View synonyms for reckon


[ rek-uhn ]

verb (used with object)

  1. to count, compute, or calculate, as in number or amount.

    Synonyms: enumerate

  2. to esteem or consider; regard as:

    to be reckoned an authority in the field.

    Synonyms: judge, estimate, deem, account

  3. Chiefly Midland and Southern U.S. to think or suppose.

verb (used without object)

  1. to count; make a computation or calculation.
  2. to settle accounts, as with a person (often followed by up ).
  3. to count, depend, or rely, as in expectation (often followed by on ).
  4. Chiefly Midland and Southern U.S. to think or suppose.

verb phrase

    1. to include in consideration or planning; anticipate:

      He hadn't reckoned with so many obstacles.

    2. to deal with:

      I have to reckon with many problems every day.


/ ˈrɛkən /


  1. to calculate or ascertain by calculating; compute
  2. tr to include; count as part of a set or class

    I reckon her with the angels

  3. usually passive to consider or regard

    he is reckoned clever

  4. when tr, takes a clause as object to think or suppose; be of the opinion

    I reckon you don't know where to go next

  5. intrfoll bywith to settle accounts (with)
  6. intr; foll by with or without to take into account or fail to take into account

    the bully reckoned without John's big brother

  7. intr; foll by on or upon to rely or depend

    I reckon on your support in this crisis

  8. slang.
    tr to regard as good

    I don't reckon your chances of success

  9. informal.
    tr to have a high opinion of

    she was sensitive to bad reviews, even from people she did not reckon

  10. to be reckoned with
    of considerable importance or influence

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Other Words From

  • reckon·a·ble adjective
  • outreckon verb (used with object)
  • pre·reckon verb (used with object)
  • under·reckon verb (used with object)
  • un·reckon verb (used with object)
  • un·reckon·a·ble adjective
  • un·reckoned adjective

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Word History and Origins

Origin of reckon1

First recorded before 1000; Middle English rekenen, Old English gerecenian “to report, pay”; cognate with German rechnen “to compute”

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Word History and Origins

Origin of reckon1

Old English ( ge ) recenian recount; related to Old Frisian rekenia , Old High German rehhanón to count

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Idioms and Phrases

In addition to the idiom beginning with reckon , also see force to be reckoned with .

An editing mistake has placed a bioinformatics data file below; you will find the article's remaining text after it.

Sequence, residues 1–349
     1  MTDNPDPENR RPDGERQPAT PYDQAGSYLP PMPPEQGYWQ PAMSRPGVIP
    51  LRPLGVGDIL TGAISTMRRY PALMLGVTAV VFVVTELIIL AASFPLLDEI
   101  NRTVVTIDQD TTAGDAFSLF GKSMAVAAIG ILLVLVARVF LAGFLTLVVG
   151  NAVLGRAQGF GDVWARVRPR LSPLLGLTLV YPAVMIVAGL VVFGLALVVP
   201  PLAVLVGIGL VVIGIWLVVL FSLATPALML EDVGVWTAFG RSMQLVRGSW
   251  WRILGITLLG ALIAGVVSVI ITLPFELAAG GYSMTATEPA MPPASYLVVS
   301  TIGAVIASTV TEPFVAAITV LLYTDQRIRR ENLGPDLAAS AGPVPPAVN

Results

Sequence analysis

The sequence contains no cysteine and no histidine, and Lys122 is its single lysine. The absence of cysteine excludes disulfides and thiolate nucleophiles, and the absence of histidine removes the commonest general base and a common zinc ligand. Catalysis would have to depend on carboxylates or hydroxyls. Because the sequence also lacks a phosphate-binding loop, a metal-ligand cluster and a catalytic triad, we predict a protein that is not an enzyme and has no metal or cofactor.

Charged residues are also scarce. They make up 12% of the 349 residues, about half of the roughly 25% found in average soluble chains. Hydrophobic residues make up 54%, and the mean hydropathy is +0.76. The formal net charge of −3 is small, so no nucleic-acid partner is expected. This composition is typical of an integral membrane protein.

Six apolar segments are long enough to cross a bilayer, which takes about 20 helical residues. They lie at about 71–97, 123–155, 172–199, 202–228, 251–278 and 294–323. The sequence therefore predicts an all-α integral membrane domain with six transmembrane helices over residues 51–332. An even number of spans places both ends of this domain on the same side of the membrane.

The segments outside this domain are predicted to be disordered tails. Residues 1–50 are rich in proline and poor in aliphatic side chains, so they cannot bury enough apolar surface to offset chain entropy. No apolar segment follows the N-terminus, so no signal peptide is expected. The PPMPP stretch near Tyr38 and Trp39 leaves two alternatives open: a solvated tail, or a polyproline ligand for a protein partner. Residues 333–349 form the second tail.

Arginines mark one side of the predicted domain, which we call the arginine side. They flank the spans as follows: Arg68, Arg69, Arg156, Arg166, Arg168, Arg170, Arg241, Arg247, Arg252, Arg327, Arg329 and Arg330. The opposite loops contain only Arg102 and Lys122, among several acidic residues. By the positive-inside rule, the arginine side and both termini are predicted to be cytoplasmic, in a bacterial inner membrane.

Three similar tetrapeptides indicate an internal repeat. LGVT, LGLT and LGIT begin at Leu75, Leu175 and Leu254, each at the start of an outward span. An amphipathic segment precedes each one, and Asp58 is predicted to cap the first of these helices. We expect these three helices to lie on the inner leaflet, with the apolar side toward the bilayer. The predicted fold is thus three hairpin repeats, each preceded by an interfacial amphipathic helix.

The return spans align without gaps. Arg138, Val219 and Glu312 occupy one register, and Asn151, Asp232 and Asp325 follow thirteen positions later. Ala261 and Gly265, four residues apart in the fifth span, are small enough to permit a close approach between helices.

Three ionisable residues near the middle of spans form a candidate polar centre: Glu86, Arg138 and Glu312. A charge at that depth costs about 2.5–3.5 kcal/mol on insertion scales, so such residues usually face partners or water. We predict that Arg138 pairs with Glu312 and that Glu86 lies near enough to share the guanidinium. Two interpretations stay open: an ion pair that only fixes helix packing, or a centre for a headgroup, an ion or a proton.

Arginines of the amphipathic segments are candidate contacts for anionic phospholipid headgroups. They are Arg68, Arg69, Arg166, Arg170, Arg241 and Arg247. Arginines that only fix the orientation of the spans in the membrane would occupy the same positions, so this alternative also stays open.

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Example Sentences

The coronavirus pandemic is the scourge that keeps on whipping—and its latest punishment is likely to be felt in dozens of states and municipalities across the United States as governments reckon with a massive and sudden loss of revenue.

From Fortune

Fitzpatrick reckoned that global macro accounted for about a tenth of the hedge fund industry’s assets a decade ago, but that had now slipped to 6 percent.

From Ozy

In the century since women’s suffrage, women have transformed our politics — in particular, they’ve become a force to be reckoned with inside the Democratic Party.

So maybe the higher expectations that we have for what we hope for in life earlier, that accounts for why we’re downward sloping until a certain point, and then we reckon with what’s possible.

So it’s impossible for me to reckon that he wouldn’t have thought through the consequences of aggregating that power, through the use of executive orders and sole executive action and so on.

Either way, we Americans have plenty to answer for and reckon with.

They were holding too many meetings, he realized, descending into politics instead of ascending to reckon with Flagg.

The more specific they get, marketers reckon, the more likely you are to buy.

And the failure to reckon with that question will make the injustice of paying dues for partisan speech look like a minor detail.

Until we reckon with our compounding moral debts, America will never be whole.

Whenever it comes day, we got all the best uh things—though I don't reckon we'll have a walkaway.

But I reckon we'll have to take these two carcasses along as a sort of corroborative evidence.

You may put on as many fines as you please, Mr. Judge, but by —— there's a difference between imposing and collecting, I reckon.

They've both dropped down out of sight now—I reckon I won't spoil sport—shouldn't like it myself.

Hilsea Green we used to reckon the coldest spot between Portsmouth and London.


Related Words

Definitions and idiom definitions from Unabridged, based on the Random House Unabridged Dictionary, © Random House, Inc. 2023

Idioms from The American Heritage® Idioms Dictionary copyright © 2002, 2001, 1995 by Houghton Mifflin Harcourt Publishing Company. Published by Houghton Mifflin Harcourt Publishing Company.